The $10 million Gov. Norm Bangerter suggests divvying up between higher education and public education from the state's tax surplus will be a welcome shot in the arm.
Educators are banking now on legislators meeting in special session in July to bring the governor's proposals to fruition.But the $10 million windfall doesn't come close to dealing with unmet needs of the state's education systems.
If Utah is genuinely interested in developing a first-class educational opportunity that will prepare its children for an increasingly demanding future, there must be a financial commitment that is commensurate - and I say that as a taxpayer who feels the pinch just like everyone else.
The $4 million Bangerter wants for textbooks should bring a particular sigh of relief from the education community.
The Utah State PTA conducted a survey in 16 of the state's school districts last fall and found a woeful shortage of textbooks. The 16 districts estimated their needs at $2.5 million just to correct the shortage and a like amount to prevent shortages from recurring.
Utah (at the time of the PTA survey) spends an average $72.22 per child on books and supplies, compared with the national average of $106.89. That's the average. In some Utah districts, it is lower.
That means in some classrooms, students share books or use outdated texts. Teachers complain that they are not able to stay current with some topics, particularly in areas of study in which knowledge is changing and expanding rapidly.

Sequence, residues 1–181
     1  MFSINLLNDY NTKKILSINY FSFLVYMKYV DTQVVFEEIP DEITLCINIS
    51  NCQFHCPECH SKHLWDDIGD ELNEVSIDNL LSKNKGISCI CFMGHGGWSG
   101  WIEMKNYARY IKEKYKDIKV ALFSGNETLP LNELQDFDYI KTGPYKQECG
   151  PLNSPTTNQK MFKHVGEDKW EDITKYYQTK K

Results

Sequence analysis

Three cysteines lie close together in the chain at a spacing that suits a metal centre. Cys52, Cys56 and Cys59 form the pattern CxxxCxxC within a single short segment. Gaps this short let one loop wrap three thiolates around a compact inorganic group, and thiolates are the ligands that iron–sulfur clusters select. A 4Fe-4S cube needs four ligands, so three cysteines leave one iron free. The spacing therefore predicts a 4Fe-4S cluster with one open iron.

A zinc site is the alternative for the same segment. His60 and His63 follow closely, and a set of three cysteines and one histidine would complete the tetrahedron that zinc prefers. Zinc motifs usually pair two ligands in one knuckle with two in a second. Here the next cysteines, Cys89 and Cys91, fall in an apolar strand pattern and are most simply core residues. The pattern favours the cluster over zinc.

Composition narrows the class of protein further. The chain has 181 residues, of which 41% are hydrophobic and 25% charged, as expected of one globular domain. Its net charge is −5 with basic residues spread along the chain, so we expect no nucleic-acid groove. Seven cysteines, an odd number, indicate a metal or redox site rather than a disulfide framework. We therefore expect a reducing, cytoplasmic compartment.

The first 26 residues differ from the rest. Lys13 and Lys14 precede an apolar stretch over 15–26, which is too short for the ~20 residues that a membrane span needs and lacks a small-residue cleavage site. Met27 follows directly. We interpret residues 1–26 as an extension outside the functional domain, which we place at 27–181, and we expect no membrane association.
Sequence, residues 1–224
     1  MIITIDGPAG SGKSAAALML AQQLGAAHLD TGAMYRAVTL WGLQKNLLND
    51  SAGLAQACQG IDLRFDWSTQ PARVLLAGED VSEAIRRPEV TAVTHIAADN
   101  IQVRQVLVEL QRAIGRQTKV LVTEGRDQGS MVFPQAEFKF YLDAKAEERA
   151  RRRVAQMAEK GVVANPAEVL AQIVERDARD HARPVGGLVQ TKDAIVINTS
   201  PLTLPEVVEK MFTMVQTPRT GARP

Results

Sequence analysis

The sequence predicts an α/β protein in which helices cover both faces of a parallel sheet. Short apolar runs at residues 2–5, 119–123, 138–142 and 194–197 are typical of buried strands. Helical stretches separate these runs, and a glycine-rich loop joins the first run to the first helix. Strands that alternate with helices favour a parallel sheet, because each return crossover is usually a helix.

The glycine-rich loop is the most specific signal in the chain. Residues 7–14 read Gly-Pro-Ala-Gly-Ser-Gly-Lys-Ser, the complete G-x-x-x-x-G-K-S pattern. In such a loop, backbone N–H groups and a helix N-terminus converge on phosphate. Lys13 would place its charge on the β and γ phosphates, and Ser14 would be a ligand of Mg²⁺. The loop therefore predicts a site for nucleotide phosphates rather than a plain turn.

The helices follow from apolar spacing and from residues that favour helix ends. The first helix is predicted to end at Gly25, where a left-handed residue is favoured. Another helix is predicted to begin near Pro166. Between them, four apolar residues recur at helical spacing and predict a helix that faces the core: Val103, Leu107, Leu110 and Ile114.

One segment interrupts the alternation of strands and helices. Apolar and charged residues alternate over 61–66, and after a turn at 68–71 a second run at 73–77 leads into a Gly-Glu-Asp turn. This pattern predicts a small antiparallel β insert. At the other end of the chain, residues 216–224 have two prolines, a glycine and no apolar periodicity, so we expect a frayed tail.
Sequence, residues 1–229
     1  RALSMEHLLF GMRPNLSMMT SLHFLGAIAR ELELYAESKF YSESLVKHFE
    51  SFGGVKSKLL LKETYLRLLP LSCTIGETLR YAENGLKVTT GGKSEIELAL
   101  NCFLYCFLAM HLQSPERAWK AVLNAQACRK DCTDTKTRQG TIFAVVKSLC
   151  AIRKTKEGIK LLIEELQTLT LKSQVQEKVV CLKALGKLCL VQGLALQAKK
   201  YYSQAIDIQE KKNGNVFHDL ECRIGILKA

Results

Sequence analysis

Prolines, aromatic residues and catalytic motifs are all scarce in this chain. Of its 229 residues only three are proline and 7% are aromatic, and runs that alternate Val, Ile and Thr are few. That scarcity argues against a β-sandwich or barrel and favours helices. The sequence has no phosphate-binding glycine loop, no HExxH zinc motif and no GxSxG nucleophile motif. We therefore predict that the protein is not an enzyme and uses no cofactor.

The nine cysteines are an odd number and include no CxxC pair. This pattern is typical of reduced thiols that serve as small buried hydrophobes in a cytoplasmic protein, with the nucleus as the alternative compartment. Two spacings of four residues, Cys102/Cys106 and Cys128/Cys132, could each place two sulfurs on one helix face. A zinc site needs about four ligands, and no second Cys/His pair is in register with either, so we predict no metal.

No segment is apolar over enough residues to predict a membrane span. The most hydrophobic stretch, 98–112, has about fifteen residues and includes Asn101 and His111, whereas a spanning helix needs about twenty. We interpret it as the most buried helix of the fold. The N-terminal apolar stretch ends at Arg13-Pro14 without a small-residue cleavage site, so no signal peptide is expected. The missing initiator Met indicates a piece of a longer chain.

While Utah has struggled to keep up with a boom in its school age children that coincides with a downturn in the economy, textbook publishers have been doing what seems to come naturally in today's markets - raising prices.
The textbook that used to cost $13 now costs $26 - and the costs of other supplies have risen on a similar scale.
Some districts have been robbing Peter to pay Paul, buying textbooks and supplies at the expense of other programs. That tends to catch up with one sooner or later, as those of us who handle household finances learn.
If Utah school districts had a lot of leeway in their budgets to do fancy footwork, it would be a less serious problem - or no problem at all. They are, however, already trying to manage their educational mandate with less per-pupil expenditure than other states are making.
Superintendent James R. Moss has made the observation that textbooks are being supplanted in some instances by more modern technology - computers and sophisticated communciations equipment that enhance the information available in books.
That doesn't portend a need for less spending on equipment and supplies, but more, if Utah is going to stay competitive.
And staying competitive is essential if students coming out of our schools are going to qualify for the jobs that are being created by today's technology-driven market.
Talk of reducing support for education through tax rollbacks and limitations can only be seen as counterproductive.
Three cheers for the governor's proposed aid, which will hopefully be seconded by the Legislature, and may it be the beginning of a trend.